I just wrote a post about Kaja Silverman’s book that I’m reading now called The Threshold of the Visible World. My computer crashed before I could post it (and no I didn’t save it…) SO I will re-write later when I don’t have to wake up at 5am to go to work the next day. So for now, you get this:
“The Threshold of the Visible World advances a revolutionary new political aesthetic–Kaja Silverman explores the possibilities for looking beyond the restrictive mandates of the self, and the normative aspects of the cultural image-repertoire. She provides a detailed account of the social and psychic forces which constrain us to look and identify in normative ways, and the violence which that normativity implies. Accounting for these phenomena on both a conscious and an unconcious level, Silverman analyzes the psychic and textual conditions under which our “field of vision” can be expanded.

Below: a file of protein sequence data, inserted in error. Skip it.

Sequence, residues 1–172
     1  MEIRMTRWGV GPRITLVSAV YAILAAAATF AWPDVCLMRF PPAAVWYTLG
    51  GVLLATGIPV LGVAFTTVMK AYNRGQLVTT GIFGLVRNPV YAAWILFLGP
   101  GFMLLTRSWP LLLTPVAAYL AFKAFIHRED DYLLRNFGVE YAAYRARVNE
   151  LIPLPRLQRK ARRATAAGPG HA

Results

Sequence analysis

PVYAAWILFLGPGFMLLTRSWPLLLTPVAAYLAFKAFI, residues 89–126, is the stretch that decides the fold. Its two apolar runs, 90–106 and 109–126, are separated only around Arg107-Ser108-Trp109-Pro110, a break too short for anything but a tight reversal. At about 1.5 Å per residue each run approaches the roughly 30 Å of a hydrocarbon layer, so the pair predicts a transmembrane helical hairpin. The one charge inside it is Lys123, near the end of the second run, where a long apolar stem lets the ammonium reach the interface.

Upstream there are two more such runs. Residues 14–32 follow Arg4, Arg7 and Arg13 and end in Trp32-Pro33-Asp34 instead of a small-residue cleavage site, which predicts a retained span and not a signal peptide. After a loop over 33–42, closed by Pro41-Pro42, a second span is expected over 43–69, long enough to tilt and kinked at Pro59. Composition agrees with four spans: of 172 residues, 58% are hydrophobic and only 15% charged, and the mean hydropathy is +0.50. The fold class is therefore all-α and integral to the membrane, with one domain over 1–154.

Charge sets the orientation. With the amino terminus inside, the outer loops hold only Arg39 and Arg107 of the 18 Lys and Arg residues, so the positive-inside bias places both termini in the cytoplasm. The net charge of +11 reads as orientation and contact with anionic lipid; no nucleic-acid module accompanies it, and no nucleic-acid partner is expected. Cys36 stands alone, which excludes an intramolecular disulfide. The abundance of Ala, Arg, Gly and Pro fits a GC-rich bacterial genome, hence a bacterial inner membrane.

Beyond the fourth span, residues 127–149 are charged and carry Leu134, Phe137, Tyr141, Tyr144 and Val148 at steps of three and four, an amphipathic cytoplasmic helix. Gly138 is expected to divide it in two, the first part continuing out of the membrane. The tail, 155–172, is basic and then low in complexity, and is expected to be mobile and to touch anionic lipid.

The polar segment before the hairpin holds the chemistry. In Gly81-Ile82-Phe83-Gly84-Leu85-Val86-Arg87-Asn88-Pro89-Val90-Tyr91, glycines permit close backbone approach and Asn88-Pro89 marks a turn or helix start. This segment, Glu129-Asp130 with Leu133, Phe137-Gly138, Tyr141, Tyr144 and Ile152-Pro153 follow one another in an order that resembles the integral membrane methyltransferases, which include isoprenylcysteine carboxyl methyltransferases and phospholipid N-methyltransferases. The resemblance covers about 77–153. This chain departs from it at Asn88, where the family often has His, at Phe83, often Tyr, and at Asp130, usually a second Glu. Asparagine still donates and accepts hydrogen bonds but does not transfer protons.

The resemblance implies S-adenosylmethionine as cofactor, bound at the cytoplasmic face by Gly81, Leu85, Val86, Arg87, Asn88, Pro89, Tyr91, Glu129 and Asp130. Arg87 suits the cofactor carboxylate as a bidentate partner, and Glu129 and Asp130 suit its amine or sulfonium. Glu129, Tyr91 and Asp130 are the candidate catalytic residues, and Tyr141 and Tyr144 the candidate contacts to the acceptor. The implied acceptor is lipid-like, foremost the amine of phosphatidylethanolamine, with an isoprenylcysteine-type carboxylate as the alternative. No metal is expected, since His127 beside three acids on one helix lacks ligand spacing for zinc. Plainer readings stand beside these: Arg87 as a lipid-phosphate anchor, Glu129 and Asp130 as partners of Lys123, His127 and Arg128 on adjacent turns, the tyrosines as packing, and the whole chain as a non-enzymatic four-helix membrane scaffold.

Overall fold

The title of this book is taken from Lacan’s essay on the mirror stage. In that text, Lacan writes that “the mirror-image would seem to be the threshold of the visible world.” He thereby suggests that the visible world has no existence as such until the infant subject has access to an image of self. Lacan intimates that the mirror provides the frame through which one relates to others within the domain of vision, stressing the priority of narcissism and the ego over all other libidinal transactions.”